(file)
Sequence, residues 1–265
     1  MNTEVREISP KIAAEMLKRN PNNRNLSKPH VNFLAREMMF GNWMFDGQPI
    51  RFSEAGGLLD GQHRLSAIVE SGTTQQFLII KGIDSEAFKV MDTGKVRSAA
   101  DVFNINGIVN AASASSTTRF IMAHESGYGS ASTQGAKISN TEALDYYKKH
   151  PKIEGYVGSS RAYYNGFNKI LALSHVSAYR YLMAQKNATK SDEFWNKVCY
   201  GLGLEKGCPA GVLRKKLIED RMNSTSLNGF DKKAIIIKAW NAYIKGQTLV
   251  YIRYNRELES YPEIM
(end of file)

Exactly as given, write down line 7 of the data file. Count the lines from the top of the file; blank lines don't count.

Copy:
   251  YIRYNRELES YPEIM